Heroic 'Children of Huang Shi' undermined by hype

The Children of Huang Shi is a sentimental, old-fashioned and somewhat fictionalized view of World War II in China as seen through the eyes of one Briton who was there. If it doesn't measure up to the label "epic," it's still an engaging account of one man's journey through war and those circumstances that give meaning to the saying, "Heroes are made, not born."

George Hogg, as played by Jonathan Rhys Meyers, was a naive young reporter who snuck into Nanking during the midst of the Japanese atrocities there, "the Rape of Nanking." Wounded, Hogg is rescued by communist intelligence agent Chen Hansheng ( Chow Yun-Fat, very cool) and no-nonsense do-gooder nurse Lee Pearson (Radha Mitchell), who conspire to send him to a remote estate to recover.

That "estate" is an orphanage. And there are no adults in charge there. Hogg, who speaks little Chinese, must win the trust of the moppets and protect them from the chaos around them. Children, Nurse Pearson tells him, just require the basics.

"They need to be kept warm, safe, clean and fed. Manage any one of these and you're ahead of the game."

Hogg, sort of a casual journalist, now has a mission, a purpose in life. He will do whatever it takes to protect these shell-shocked orphaned boys from the Japanese and the conscription-minded communist and nationalist armies.

The movie's contrived love story/love triangle plays out awkwardly, as Hogg and Chen wonder if the loner Pearson will be their best girl. Despite breathtaking scenery and a terrific re-creation of the war in China, all teeming masses of refugees dogged and shot at by blackhearted Japanese, director Roger Spottiswoode (Tomorrow Never Dies) never seems comfortable with the story's focus.

The script gives this an Old Hollywood feel, historically suspect, "orphans" who look like they just stepped out of a hair salon, and obvious foreshadowing and plot devices such as the sexy opium dealer with a heart (Michelle Yeoh) who helps Hogg feed his orphans.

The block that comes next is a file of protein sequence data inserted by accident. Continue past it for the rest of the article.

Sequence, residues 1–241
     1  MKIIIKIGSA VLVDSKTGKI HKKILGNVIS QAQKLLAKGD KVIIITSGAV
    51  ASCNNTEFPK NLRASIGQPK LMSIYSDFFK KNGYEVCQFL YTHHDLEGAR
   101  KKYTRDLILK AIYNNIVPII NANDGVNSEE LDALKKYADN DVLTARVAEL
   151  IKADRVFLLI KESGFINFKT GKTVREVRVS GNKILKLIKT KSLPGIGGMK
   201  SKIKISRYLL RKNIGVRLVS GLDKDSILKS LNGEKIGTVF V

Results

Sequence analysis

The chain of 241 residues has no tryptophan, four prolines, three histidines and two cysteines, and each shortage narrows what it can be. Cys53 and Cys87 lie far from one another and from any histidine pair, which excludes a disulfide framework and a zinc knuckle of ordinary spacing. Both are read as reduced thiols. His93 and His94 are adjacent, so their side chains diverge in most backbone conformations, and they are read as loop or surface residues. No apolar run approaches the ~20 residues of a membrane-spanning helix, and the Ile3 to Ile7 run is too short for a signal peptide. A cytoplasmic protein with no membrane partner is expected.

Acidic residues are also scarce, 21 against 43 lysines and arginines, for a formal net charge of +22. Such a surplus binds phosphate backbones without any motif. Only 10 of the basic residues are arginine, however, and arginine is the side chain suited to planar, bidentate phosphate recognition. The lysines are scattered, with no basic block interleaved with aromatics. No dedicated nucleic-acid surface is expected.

Rhys Meyers, of Match Point and TV's The Tudors, demonstrates more of his somewhat dated style of presentational acting. He's all neck veins popping out in intense moments, pursed lips and moony eyes in romantic ones. His bland performance and the script make Hogg less complicated than he most certainly was. He's played as a pacifist hero but he is often described as an adventurer who took part in guerrilla attacks against the Japanese. The film and Rhys Meyers give the man no real arc, from idle adventure seeker to man of purpose and substance.

Mitchell, like Rhys Meyers, a Woody Allen vet (she starred in Melinda and Melinda as well as Silent Hill) hides her Aussie accent well. But as pretty and physically comfortable as she seems with the part, her line readings are consistently flat, hitting the wrong emphasis, robbing her dialogue of its pithiness and emotion.

"I don't have time for the problems of people who have no problems."

Still, it's a pleasant enough stroll through some pretty unpleasant history. Old school it may be, with a love story that not only doesn't stick but doesn't fit with the facts. But The Children of Huang Shi is a handsome film, with great production values and an emotional finale that doesn't feel like a cheat. And if this is all mainstream movies ever do with George Hogg, these children and the Rape of Nanking, at least it offers a glimpse of the real history the filmmakers were so eager to adorn with fake romance.